Could you Beat a Bird at Hide and Seek? 07/05/2016


Moody Adams, from book "Proof"
You have probably played hide-and-seek and were good at it. You counted to ten, or maybe up to a hundred, and then you went searching for your friends. In most cases you found them, usually after looking in only a few places.
But suppose you were playing hide-and-seek and let someone go a couple of thousand miles away and hide in a country you had never seen. What chance would you have of finding them without a single clue about where they were? And what chance would you have of going straight to them over land and sea on your first try?
The only thing that could make it more difficult would be for you to do this when you were not even one year old. Impossible? No. It is being done thousands of times a year. And it is being done by creatures who cannot use a telephone, read or write, or even ask directions!
The little white-throated warbler hatches its young in Germany. As the weather cools the parents take off and head for warmer country in Africa. Weeks later, when the young birds are big enough to fly a great distance, they take off across thousands of miles of land and water they have never seen before.
These young creatures have a clock, a calendar, the knowledge of how to tell longitude and latitude, and all the navigational equipment to fly to the exact location of their parents--(Wysong, R. L., The Creation-Evolution Controversy, p. 341).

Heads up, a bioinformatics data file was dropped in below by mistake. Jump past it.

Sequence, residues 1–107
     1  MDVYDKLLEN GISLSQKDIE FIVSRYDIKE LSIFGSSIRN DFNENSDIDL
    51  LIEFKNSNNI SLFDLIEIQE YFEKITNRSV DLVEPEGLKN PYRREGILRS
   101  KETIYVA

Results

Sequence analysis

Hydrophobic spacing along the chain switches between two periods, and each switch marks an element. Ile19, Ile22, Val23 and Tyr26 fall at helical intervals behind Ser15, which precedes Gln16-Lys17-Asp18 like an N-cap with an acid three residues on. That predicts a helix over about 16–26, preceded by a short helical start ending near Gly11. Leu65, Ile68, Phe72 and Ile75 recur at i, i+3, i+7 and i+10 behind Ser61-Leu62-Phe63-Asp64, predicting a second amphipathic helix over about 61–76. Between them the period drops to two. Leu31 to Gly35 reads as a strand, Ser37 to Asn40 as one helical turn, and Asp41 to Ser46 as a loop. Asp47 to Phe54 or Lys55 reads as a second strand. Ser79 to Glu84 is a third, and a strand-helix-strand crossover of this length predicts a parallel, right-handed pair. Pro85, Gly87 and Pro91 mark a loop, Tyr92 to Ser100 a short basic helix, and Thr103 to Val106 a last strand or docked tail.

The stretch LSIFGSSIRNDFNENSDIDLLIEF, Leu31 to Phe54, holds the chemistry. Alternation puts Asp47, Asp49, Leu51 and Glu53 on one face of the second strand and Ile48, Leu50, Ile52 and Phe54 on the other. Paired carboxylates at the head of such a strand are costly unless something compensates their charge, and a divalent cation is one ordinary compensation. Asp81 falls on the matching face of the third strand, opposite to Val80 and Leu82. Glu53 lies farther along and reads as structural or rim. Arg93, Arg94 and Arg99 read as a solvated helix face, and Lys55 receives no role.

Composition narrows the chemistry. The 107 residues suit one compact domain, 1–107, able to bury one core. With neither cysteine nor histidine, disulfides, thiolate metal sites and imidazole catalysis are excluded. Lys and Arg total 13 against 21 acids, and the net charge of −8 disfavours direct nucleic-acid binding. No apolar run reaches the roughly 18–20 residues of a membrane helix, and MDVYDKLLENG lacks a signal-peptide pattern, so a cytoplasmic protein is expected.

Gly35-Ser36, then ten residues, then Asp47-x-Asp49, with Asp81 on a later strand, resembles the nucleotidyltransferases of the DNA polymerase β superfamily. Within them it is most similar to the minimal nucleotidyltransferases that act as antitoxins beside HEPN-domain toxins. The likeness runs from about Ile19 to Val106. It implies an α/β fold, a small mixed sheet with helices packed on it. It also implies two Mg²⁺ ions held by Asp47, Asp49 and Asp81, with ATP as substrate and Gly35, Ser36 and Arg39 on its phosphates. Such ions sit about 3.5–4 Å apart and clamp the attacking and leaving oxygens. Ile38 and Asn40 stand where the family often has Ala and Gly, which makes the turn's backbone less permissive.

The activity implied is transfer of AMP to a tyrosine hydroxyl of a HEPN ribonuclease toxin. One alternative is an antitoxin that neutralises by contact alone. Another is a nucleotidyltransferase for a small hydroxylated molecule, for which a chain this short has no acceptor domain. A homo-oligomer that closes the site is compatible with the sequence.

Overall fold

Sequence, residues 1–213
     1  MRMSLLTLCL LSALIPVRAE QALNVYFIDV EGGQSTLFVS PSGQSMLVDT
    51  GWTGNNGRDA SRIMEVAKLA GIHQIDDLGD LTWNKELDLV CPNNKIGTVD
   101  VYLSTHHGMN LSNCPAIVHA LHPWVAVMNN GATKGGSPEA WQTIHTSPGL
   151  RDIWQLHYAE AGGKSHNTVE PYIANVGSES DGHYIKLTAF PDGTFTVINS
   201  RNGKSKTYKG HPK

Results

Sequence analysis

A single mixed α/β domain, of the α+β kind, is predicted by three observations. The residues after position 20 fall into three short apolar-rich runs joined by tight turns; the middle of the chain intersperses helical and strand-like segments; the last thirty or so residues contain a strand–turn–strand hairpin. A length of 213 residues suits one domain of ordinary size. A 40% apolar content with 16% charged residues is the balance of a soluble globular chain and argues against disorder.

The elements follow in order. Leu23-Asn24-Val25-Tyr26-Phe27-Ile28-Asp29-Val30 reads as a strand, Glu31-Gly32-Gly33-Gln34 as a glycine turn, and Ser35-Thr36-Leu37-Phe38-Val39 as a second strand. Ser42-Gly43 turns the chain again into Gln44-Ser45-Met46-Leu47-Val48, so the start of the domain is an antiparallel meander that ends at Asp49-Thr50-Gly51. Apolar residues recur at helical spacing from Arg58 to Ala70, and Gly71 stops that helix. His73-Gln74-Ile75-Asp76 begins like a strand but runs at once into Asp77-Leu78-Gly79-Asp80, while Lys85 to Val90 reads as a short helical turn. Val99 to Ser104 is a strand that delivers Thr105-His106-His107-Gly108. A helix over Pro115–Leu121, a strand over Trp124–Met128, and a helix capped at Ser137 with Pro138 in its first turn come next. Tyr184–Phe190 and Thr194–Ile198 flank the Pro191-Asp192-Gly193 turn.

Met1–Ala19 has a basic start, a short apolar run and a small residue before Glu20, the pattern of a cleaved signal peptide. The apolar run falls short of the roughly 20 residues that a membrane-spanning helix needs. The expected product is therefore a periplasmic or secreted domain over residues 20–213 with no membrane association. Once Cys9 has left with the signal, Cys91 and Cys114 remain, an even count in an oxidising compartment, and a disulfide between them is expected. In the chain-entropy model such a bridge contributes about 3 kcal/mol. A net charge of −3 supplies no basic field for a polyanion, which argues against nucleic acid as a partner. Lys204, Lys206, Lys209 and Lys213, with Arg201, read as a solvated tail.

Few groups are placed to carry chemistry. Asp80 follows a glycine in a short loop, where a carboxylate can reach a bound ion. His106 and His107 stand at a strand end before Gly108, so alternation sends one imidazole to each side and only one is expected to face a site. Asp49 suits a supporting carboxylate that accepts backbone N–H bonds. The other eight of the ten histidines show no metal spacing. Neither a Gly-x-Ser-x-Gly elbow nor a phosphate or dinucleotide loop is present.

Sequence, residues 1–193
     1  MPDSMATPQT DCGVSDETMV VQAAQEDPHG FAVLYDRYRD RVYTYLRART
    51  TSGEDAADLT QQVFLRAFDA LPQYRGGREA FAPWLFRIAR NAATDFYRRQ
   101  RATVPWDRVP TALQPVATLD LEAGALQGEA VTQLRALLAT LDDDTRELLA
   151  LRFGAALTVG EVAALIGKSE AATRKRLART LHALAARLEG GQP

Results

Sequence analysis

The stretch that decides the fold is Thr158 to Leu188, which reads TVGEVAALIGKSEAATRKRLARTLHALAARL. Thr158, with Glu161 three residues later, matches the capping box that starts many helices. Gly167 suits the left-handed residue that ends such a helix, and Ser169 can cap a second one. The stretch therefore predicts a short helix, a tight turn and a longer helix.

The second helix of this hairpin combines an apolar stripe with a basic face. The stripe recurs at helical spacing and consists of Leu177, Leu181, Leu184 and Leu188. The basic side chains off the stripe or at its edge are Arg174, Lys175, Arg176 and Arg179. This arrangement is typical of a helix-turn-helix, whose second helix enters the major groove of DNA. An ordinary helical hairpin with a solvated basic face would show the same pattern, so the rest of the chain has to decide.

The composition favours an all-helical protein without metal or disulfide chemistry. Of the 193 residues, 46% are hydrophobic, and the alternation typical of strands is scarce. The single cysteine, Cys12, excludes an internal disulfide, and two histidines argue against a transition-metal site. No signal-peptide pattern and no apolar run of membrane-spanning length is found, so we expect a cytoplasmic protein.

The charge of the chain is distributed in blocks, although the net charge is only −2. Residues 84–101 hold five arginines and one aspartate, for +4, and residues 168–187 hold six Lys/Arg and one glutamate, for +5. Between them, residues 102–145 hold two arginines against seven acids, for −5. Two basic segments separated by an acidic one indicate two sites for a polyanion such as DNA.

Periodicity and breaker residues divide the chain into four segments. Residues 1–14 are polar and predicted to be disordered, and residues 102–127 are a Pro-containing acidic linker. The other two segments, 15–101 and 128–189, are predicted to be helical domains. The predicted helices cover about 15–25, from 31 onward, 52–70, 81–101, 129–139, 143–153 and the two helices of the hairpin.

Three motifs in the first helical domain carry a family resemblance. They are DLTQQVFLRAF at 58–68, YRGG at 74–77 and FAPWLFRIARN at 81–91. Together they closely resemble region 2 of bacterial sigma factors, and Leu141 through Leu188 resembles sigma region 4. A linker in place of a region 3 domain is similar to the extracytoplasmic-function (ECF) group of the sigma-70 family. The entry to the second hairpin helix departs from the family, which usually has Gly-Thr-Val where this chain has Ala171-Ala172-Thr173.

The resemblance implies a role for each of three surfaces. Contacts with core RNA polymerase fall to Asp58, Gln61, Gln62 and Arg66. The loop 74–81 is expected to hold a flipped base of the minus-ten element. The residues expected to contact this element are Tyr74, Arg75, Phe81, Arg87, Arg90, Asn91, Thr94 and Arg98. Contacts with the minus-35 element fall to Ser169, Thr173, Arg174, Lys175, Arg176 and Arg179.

The Golden Plovers travel 8,000 miles south from Hudson Bay to the Caribbean and on to their parents who are wintering in Argentina.
Their western cousins, the Pacific Golden Plovers, breed in Alaska and winter fashionably in Hawaii. The mamas and papas do not wait on their young to get strong enough to fly. They leave them behind. These babies follow over 2,000 miles of uncharted ocean and join their parents in Hawaii.

From the ancient time of Aristotle, scientists have tried to decipher and understand the skillful navigation system of the honeybee. These little flyers gather food supplies from different places and return to their hives with remarkable accuracy. After hundreds of years of study, it was finally discovered that they were using electrical radio waves. The bees generate an electrical charge by simply rubbing the furry part of their legs together. This electrical charge sends out an excellent homing signal. Within every hive there is a “radio beacon” serving as a homing device for the bees. If it took the great minds of men hundreds of years to decipher and understand this one small part of nature, imagine how much greater the Mind required to design it.

Then there are other amazing super-human examples; salmon, lemmings, whales, fur seals, bats, turtles, and eels also use a sophisticated guidance system to migrate.

Since no intelligent human can do these things, how can birds and other animals do it? Science has found no possible explanation. The only reasonable answer is there has to be intelligence somewhere in the universe to design, create and sustain such a modern guidance system. We call this intelligence “God.”

Man has just developed a sort of guidance system in planes, cars and missiles. Birds have had this for centuries. They are one more evidence of the great might and wisdom of the God who made such a magnificent universe.


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